medicare: primary payer compliance

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Overview of Medicare compliance considerations for liability insurance, no-fault and workers\' compensation

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  • 1. MEDICARE:PRIMARY PAYER COMPLIANCEPrepared By: Carrie T. Taylor, J.D.

2. Medicare Entitlement

  • Medicare is a health insurance program for:
    • People 65 or older;
    • People under 65 with certain disabilities; and
    • People of all ages with end-stage renal disease (permanent kidney failure requiring dialysis or kidney transplant)

3. Medicare

  • Part A:Hospital Insurance
  • Part B:Medical Insurance
  • Part C:Advantage Plan Coverage (like HMOs and PPOs)
  • Part D:Drug Coverage
  • Exclusions: Coverage and payment rules to determine whether an item or service is covered

4. Medicare Secondary Payer (MSP) Statute

  • Allows the Centers for Medicare & Medicaid Services (CMS) to pursue damages against any entity that attempts to shift the burden of medical costs to Medicare.
  • CMS has the right to seek reimbursement of medical expenses paid by Medicare that an insurance carrier or self-insured should have paid.
  • The MSP statute provides for a private cause of action for double damages for failure to provide primary payment or appropriate reimbursement.

5. Who is a primary payer?

  • Liability insurance
  • No-fault insurance
  • Workers compensation

6. Compliance

  • Medicare Set Aside (MSA)
    • Future consideration
  • Conditional Payment Reimbursement
    • Past Consideration
  • Notice/Reporting
    • Section 111 MMSEA

7. Future Consideration I.Medicare Set Aside 8. I. Medicare Set Aside (MSA)

  • Workers Compensation Medicare Set-Aside (WCMSA)
    • A Fund of money set-aside at the time of settlement that must be exhausted before a claimant can use Medicare to pay for injury related treatment.
    • CMS publicized the WCMSA as a compliance tool through a series of policy memoranda beginning in 2001.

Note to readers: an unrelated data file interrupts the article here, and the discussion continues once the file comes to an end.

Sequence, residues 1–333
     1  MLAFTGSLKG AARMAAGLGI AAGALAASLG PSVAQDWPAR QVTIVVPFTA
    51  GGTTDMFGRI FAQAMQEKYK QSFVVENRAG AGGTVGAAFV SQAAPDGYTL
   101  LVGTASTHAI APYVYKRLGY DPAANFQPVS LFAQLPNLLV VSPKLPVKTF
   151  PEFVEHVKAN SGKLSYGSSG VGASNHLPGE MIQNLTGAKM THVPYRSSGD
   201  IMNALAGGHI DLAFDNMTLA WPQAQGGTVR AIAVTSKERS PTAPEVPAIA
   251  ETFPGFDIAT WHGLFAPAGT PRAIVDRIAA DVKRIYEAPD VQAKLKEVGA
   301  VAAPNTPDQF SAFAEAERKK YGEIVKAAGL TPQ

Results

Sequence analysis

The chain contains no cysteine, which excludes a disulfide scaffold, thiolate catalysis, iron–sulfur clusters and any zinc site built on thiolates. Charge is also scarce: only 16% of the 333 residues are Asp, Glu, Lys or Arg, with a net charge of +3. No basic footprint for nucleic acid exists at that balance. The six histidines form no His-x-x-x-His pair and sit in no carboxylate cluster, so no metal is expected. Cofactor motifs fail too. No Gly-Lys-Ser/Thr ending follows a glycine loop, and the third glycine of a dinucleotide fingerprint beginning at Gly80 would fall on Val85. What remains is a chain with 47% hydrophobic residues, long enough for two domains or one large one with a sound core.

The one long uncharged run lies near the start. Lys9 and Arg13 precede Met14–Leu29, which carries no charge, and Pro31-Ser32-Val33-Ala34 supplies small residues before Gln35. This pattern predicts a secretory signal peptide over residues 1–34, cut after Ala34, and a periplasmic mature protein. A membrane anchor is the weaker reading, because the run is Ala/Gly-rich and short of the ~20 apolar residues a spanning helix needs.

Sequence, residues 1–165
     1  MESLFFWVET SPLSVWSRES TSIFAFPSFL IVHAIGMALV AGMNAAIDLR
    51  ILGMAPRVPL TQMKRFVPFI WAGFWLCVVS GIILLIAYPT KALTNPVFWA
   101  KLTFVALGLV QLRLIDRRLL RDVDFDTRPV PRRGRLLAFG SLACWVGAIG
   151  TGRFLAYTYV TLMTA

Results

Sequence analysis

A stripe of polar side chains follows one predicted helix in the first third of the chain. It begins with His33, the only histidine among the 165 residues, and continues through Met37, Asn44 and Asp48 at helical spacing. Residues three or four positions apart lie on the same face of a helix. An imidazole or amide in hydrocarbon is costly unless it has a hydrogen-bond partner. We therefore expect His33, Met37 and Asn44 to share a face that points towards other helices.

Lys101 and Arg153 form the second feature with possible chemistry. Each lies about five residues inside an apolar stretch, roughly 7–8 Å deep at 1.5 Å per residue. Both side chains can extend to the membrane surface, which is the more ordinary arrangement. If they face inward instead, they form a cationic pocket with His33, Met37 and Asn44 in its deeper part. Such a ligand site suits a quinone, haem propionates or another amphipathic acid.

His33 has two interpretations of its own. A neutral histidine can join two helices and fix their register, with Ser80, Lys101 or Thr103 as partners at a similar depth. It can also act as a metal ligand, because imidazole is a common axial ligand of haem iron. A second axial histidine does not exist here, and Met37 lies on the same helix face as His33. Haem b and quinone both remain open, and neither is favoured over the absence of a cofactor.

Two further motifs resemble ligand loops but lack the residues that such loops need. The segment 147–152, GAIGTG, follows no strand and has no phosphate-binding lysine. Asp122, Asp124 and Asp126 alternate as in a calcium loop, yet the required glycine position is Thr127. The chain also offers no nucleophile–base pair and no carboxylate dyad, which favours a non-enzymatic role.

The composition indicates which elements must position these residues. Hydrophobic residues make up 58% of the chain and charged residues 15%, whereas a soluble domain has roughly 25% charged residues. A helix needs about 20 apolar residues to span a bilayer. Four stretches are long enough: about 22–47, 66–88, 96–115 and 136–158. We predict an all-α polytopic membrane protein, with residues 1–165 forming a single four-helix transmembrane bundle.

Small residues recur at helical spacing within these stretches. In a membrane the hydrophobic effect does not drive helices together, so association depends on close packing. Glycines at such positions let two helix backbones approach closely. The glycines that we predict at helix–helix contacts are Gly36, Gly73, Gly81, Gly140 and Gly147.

• An MSA is designed to protect Medicares future interests.

9. Is an MSA necessary when settling a non-WC claim?

  • No, but Medicares interests must be considered and protected if the settlement involves waiver of future medical expenses
    • Some Regional Offices will approve/review MSAs for liability settlements depending upon workload factors
    • Medicare Set Aside Allocations may be a helpful tool with significant settlements (perhaps $1 million or higher)

10. Past Consideration II.Conditional Payment Reimbursement 11. MEDICARE AS SECONDARY PAYER

  • Medicare will not make payment if payment has been made or can reasonably be made under WC, auto or liability or no-fault insurance.42 U.S.C. 1395 y(b)(2)(A)(ii).

12. Medicare As Secondary Payer

  • Exception:
    • Medicare may make a conditional payment for medical treatment if a primary plan has not made or cannot reasonably be expected to make paymentpromptly.These payments are conditioned on reimbursement to the appropriate Trust Fund42 U.S.C. 1395y(b)(2)(B)(i).

13. Historical Obligations

  • Primary payers have been obligated to place Medicare on notice of claims and reimburse Medicare for conditional payments since 1965 for WC and since December 5, 1980 for GL.

14. Learns vs. Demonstrated

  • Effective 3/24/08
    • If it is demonstrated that CMS has made a Medicare primary payment for which the primary payer has made or should have made payment, it must provide notice.
    • Primary plans responsibility is demonstrated by judgment, payment conditioned upon the recipients compromise, waiver or release (whether or not there is a determination of liability).
  • 1990 to 3/24/08